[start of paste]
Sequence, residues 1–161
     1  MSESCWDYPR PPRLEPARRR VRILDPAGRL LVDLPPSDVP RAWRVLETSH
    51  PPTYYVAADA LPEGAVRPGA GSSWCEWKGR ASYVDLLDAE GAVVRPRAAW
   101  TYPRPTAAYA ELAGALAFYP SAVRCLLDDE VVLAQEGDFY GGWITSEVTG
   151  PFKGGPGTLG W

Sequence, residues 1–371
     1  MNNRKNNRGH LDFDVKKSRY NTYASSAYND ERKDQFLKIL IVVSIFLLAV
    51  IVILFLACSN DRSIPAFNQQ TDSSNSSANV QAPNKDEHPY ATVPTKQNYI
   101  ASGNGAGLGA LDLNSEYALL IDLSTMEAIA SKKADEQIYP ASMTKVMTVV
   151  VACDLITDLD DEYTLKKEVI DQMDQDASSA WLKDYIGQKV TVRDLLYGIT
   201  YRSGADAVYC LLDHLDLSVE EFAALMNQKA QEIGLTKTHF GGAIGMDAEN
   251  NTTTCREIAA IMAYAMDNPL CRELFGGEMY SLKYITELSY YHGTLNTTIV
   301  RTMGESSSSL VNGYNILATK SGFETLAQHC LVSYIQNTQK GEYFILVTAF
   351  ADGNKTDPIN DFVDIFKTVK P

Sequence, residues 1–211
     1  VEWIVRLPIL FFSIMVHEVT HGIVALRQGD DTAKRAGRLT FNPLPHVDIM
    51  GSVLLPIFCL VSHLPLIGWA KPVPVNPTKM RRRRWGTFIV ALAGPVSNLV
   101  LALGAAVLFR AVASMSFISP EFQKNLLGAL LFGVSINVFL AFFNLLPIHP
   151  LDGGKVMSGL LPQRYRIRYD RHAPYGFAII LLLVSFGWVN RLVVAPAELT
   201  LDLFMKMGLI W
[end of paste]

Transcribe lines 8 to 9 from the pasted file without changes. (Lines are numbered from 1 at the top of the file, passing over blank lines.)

    51  IVILFLACSN DRSIPAFNQQ TDSSNSSANV QAPNKDEHPY ATVPTKQNYI
   101  ASGNGAGLGA LDLNSEYALL IDLSTMEAIA SKKADEQIYP ASMTKVMTVV